Gift Guide for Geeks 2003: Share
Volume Number: 19 (2003)
Issue Number: 11
Column Tag: Review
Gift Guide for Geeks 2003: Share
by Ilene Hoffman
The gadgets to help you share those moments of life
How often do you take pictures at a gathering, and promise to send copies of the prized photos to the other folks? Do these copies ever make it to your friends and family? My guess is no.
So, my first gift recommendation is, of course, a nicely priced digital camera. Generally speaking, you can't go wrong if you buy a digital camera from any of the major companies, such as Canon, Olympus, Nikon, Fuji, Pentax, or even Sony. I own old Fuji and Olympus digital cameras, and I've been very happy with both of them. I also own Olympus, Nikon and Pentax film cameras, but won't buy another Olympus film camera. Three of the Olympus film cameras I've owned didn't make it past the second year of use without breaking. My basic Olympus Stylus, with a glass lens has performed well and I recommend it highly for a little travel camera (about $80).
Olympus digital cameras seem a bit more robust and with their zoom capabilities are more versatile. My Dad swears by his. Nikon's Coolpix digital cameras are highly praised by their owners (and I know quite a few). One of the recent Nikon CoolPix cameras, the 5400, is particularly nice. It is practically a professional grade camera, with a full range of functions, as well as add-ons and lenses. The 5400, however, doesn't quite fall into the nicely priced category. I've found the Fuji digital cameras to perform exceptionally well in poorly lit situations.
The bottom line is, you need to try the cameras out at a store prior to buying. I'm very picky about the eye piece and prefer Nikon's viewfinders. You should also look for a digital camera that is has at least a 3 mega-pixel resolution, so that you can produce good looking prints. Lower resolution cameras are ok for posting onto the Internet, but you can't really edit them to produce a decent 4 x 6 close up shot. A 3-megapixel camera can produce a good 8 x 10 photograph, if needed. Digital Camera HQ has a comparison page of many 3 mega-pixel cameras at:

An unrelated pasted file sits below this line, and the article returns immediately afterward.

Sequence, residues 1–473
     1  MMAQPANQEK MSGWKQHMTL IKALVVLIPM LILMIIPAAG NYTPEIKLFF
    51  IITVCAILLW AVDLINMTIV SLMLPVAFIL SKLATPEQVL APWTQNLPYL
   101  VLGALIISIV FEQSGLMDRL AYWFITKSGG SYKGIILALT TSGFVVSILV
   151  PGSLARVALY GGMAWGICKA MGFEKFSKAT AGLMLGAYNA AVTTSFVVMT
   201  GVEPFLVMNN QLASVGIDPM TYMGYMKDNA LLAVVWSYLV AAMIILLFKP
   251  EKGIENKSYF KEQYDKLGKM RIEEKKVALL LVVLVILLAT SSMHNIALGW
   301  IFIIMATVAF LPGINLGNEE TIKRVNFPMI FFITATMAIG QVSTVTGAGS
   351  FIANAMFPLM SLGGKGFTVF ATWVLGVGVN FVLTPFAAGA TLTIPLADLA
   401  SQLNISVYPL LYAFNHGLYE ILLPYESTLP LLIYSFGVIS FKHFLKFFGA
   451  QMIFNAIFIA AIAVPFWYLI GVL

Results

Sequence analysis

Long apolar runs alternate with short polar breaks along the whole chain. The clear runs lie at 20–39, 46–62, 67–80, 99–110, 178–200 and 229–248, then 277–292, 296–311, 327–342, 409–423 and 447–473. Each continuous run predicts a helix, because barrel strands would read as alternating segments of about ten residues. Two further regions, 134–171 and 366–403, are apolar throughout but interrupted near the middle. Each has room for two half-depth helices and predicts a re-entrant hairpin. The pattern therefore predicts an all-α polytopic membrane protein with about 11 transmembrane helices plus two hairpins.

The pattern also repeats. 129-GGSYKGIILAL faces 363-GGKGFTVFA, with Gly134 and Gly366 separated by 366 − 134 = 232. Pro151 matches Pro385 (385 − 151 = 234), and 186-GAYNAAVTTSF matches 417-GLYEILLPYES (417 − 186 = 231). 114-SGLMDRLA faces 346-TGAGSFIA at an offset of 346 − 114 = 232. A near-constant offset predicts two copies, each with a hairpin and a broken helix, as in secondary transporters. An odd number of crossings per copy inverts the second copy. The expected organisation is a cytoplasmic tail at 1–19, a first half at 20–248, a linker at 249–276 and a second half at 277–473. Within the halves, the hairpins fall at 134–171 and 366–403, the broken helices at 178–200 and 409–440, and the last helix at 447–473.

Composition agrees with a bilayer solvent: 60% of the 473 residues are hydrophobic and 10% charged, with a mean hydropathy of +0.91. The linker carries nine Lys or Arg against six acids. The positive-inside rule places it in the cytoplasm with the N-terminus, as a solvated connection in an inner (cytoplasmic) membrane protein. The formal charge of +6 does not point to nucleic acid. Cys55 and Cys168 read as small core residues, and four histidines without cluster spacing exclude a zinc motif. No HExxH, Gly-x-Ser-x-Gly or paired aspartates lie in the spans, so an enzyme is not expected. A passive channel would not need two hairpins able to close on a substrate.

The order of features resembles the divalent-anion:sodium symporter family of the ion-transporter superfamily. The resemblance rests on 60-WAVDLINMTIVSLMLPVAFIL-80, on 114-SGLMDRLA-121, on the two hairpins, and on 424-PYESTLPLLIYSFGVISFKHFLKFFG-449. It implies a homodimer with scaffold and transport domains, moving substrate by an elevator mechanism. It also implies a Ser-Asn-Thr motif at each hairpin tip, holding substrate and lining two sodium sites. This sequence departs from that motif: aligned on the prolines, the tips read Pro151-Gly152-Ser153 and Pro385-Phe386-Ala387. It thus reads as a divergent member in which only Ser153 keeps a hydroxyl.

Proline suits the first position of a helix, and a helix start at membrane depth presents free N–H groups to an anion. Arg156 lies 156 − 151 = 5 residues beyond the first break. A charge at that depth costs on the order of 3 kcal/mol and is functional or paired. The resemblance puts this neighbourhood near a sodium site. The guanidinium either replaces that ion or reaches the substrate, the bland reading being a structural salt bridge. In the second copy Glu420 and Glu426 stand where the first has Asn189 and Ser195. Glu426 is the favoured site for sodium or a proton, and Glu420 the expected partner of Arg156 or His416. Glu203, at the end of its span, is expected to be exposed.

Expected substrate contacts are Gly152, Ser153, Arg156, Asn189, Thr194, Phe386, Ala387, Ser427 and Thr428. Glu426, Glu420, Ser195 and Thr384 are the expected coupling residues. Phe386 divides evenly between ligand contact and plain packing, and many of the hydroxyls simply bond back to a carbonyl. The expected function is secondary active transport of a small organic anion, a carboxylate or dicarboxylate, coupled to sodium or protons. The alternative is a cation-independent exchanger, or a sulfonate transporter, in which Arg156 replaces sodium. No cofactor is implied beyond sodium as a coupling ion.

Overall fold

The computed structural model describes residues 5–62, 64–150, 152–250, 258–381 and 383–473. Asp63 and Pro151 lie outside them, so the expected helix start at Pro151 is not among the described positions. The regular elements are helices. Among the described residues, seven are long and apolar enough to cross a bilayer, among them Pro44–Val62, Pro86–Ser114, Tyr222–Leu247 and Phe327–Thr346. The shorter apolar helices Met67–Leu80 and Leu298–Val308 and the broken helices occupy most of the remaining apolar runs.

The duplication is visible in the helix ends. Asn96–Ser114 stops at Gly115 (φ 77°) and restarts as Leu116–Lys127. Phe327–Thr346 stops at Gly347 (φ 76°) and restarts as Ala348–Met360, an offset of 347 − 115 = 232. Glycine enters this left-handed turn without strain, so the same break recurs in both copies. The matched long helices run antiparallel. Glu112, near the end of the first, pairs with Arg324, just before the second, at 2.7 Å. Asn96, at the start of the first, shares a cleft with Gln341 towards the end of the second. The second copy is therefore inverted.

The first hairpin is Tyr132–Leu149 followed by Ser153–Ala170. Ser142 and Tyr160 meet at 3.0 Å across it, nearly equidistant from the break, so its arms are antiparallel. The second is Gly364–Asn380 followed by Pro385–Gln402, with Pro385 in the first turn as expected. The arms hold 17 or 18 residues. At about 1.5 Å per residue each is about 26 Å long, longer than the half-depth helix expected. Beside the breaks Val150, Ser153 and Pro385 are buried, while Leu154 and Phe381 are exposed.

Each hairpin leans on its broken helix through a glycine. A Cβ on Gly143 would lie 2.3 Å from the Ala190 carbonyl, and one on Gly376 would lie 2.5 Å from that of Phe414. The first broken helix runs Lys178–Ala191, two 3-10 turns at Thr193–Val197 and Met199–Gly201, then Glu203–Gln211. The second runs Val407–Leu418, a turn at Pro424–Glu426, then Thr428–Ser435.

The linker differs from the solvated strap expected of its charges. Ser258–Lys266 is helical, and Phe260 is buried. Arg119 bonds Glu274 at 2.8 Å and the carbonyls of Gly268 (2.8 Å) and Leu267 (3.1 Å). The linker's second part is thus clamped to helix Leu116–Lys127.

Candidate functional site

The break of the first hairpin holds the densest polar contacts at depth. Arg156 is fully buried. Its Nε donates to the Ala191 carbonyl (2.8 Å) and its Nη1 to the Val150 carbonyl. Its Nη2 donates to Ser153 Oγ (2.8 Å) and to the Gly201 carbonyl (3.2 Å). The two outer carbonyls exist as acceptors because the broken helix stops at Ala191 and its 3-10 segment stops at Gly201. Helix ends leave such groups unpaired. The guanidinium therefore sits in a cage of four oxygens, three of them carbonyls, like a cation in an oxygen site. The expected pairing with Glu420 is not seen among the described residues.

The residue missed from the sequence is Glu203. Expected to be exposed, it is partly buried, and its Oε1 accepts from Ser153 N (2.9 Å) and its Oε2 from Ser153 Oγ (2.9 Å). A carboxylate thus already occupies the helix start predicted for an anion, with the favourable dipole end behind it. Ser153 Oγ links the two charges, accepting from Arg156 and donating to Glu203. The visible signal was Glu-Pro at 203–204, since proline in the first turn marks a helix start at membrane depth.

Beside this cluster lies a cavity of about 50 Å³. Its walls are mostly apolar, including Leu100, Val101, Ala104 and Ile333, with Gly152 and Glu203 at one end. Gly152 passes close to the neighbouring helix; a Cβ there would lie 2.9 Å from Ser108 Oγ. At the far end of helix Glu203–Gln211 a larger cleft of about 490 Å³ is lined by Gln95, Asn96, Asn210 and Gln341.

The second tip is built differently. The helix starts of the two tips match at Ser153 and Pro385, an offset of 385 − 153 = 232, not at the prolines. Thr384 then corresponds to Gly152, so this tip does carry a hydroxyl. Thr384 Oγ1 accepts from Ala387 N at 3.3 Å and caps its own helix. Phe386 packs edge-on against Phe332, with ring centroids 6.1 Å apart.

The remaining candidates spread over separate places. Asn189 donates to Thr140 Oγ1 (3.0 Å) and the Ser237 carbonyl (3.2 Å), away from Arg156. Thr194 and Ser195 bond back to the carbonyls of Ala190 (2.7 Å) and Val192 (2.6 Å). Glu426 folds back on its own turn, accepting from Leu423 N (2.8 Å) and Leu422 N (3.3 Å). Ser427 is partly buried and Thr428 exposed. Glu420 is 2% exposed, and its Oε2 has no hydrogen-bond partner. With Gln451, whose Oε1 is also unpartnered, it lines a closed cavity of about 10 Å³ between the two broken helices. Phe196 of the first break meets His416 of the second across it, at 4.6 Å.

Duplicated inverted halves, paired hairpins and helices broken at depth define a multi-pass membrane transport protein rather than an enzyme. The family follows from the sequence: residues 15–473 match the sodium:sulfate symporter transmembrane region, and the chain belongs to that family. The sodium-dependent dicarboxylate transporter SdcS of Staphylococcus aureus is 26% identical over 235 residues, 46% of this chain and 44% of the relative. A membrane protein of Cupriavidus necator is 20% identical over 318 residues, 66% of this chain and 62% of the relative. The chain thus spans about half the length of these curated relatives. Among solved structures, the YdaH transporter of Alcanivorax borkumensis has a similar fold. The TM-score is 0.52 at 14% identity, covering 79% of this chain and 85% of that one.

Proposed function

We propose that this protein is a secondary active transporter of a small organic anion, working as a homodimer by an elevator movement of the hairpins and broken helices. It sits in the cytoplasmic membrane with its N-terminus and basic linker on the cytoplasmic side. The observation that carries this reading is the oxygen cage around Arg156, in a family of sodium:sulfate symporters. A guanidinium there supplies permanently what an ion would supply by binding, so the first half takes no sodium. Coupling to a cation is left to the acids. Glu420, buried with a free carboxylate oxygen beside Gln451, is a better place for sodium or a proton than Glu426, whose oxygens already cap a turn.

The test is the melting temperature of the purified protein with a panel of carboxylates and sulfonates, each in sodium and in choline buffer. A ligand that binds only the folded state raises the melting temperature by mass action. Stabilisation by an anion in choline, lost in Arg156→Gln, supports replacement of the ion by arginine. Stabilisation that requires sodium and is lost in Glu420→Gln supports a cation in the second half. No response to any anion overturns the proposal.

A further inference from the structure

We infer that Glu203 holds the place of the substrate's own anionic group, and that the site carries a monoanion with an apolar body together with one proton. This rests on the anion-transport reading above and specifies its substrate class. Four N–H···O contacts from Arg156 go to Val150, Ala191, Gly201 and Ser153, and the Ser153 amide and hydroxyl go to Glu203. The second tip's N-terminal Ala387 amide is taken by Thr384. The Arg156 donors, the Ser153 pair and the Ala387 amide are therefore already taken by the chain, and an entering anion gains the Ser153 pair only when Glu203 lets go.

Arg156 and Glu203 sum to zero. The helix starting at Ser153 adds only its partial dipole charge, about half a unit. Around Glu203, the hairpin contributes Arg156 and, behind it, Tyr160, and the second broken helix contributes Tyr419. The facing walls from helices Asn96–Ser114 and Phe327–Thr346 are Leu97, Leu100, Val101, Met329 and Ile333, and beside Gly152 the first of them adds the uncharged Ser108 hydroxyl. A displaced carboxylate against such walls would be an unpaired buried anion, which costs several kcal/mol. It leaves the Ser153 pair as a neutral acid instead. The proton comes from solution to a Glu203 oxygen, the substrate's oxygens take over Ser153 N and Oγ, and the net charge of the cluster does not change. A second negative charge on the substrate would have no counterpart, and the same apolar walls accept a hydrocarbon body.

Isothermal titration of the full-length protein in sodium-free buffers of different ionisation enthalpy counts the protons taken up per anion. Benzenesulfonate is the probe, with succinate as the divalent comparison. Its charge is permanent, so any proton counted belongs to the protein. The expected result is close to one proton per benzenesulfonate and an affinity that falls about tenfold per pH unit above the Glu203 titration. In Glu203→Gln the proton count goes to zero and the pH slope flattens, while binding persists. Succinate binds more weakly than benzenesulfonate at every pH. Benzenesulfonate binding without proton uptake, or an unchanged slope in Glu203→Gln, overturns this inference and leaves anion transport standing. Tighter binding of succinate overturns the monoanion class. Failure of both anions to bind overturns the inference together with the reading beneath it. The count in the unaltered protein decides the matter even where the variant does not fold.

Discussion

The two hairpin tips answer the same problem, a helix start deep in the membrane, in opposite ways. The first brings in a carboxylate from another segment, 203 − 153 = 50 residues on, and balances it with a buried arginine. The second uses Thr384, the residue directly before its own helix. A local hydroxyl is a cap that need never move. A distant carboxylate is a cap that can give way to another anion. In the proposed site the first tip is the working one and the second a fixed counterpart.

Although, I'm usually not prone to recommending stores, I do want to make note that the Ritz Camera chain has an honorable 30-day money back guarantee, even on expensive cameras. Most retailers only have a 7 to 10 day return policy.
Figure 1: The File menu of RunRevVeez
If you have a digital camera, there's an easy solution to the "Where's that photo you promised me?" problem, which is my second gift recommendation. Hewlett Packard makes this little 2.9 pound printer that is a mere 9.1" x 4.4" x 4.9," so it can fit into computer bag easily. The HP Photosmart 245 compact photo printer has built-in slots for every type of digital media (CompactFlash, Microdrive, SmartMedia, Secure Digital, MultiMedia, Memory Stick, and xD-Picture Card). The built-in 1.8-inch LCD screen allows you to scroll through your pictures, do basic editing, and pick and choose your prints. A contact sheet with tiny thumbnails is also a print option. Basically, you just plug in the printer, pop in your media, hit print, and you're good to go. Can it get any easier than that?
The printer is fast, convenient, prints excellent quality pictures on Epson and HP 4" by 6" photo paper, and is one of the simplest printers to set up that I've ever used. It is a little pricey with a $199.99 MSRP, but if you want to forego the LCD display, you can get the Photosmart 145 for $149.99. The LCD screen makes the stand-alone unit more usable, though. Both models also connect to your computer with a USB cable that you supply.
Sharing those captured moments of life is always a great gift, and giving, or getting, the cool tools to do it is even better. Nearly any digital camera, and one of these printers, will turn you into a one person, photo producing machine in no time.